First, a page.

Stay At Home Moms
I became a stay-at-home mom for the first time in 2013 when our daughter was born. Before that, I had worked as a public school teacher and had been growing increasingly dissatisfied with my job. By the time our daughter was born, I had been resigned from my job for three years and had been running my tutoring business during that time. I returned to the profession in 2015 and became a stay-at-home mom again in 2018 because of events that I will discuss later on in this post.
With that said, during my time as a SAHM, I have heard so many misconceptions and misunderstandings of moms who stay at home –what they do, what they want, and why they do it. In this post, I will give my perspective on five misconceptions about stay-at-home moms.
SAHMs don’t need a babysitter/help
So many people have this idea that just because you choose to become a SAHM, you don’t need a babysitter, a nanny, or help. After all, all you do is take care of your kids at home…right?! Taking care of your children and serving your family is a full-time job. We love it…most days, but it is a JOB!
(Also, fair warning, I will likely overuse exclamation points in this post.)
We may not require or need as much help as parents working away from the home, but there are times that we do need a hand. Additionally, some SAHMs are working from home in addition to caring for and serving their families. Staying at home does not exempt us from exhaustion or burnout and there are times that having an extra hand comes in…well, handy! Especially during the early days of the newborn stage when you are learning your baby and your baby is learning EVERYTHING else. When sleep is nonexistent, but you still need to sleep so that you can care for your little one. And let’s not even bring in the breastfeeding factor! There are so many variables to the lives that SAHMs lead, that it is impossible to lump us all into the same SAHM box. For me, staying at home has not been the vacation that tons of people think it is. For most my daughter’s life, I did not have any family nearby to help me get adjusted to mom life and when my husband had to return to work, I had to figure that ish out QUICK! By the time our son was born we had moved to a new state even further away from family. We don’t know very many people here and the list of people I trust with my children es muy pequeña. Also, most of the people I have gotten to know here, work full-time.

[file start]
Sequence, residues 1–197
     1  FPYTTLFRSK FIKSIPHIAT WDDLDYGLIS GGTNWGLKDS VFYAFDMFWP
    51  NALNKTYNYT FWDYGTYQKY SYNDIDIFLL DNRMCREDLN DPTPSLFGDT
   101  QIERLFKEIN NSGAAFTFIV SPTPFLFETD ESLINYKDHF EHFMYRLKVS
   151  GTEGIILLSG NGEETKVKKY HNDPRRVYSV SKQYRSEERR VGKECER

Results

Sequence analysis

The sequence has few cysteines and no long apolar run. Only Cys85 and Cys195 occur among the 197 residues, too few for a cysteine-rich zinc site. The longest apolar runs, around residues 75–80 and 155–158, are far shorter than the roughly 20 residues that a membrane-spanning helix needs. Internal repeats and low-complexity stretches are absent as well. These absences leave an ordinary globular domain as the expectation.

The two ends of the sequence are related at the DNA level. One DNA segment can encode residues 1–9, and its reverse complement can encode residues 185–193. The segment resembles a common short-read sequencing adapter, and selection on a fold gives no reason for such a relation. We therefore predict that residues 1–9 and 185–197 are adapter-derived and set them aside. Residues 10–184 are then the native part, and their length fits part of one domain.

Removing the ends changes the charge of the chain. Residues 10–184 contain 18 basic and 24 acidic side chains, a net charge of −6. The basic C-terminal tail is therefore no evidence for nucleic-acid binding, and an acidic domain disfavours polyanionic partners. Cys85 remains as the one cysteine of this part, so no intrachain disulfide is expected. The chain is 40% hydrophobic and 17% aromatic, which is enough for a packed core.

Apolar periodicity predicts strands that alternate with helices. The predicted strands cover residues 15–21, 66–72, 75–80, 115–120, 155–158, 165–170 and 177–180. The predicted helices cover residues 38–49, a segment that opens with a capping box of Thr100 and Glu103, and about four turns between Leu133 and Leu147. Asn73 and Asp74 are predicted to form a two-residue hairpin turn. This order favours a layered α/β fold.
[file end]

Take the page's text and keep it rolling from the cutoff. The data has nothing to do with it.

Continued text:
Just like when people are given loads of responsibility on their jobs, they utilize the art of delegation to get things done in a more efficient, timely manner; stay at home moms would like to be able to delegate some responsibilities as well to lighten our loads a bit.
SAHMs have open schedules
Contrary to popular belief, SAHMs do not always have flexible schedules and open availability. If you are anything like me, I have my day, my week, my month scheduled down to the hour. I take scheduling very seriously and both my children are accustomed to living by a schedule. Even though my toddler can’t tell time yet, he can tell you what’s next on his schedule at any moment. When I schedule my day, it frees up my brain to attend to other tasks and I don’t have to waste time thinking about routine events.
It really is annoying when people think that because you are a stay at home mom, you can just drop whatever it is you are doing and prioritize their wants and needs. How inconsiderate?! When you try to make your emergency my issue, you are potentially disrupting my or my family’s time or taking time away from some other task that I already have scheduled. I’m not always able to drop everything and attend to new tasks and most times I don’t. However, it is very presumptuous for anyone outside of your immediate household to believe that what they want comes before you or your family.
If you would like something from me or my family, please do us the courtesy of at least a 24-hour notice.
SAHMs don’t need time away from home
Why do you need a vacation away from your family?
Please excuse me while I roll my eyes…HARD!